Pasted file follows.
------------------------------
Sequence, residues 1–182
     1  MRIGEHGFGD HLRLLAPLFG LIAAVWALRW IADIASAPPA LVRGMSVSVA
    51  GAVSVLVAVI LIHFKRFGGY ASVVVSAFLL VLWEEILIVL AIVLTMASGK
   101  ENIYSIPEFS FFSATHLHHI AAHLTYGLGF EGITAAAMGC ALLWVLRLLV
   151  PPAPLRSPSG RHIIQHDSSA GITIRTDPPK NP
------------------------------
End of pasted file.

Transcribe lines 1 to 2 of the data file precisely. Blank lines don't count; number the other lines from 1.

Sequence, residues 1–182
     1  MRIGEHGFGD HLRLLAPLFG LIAAVWALRW IADIASAPPA LVRGMSVSVA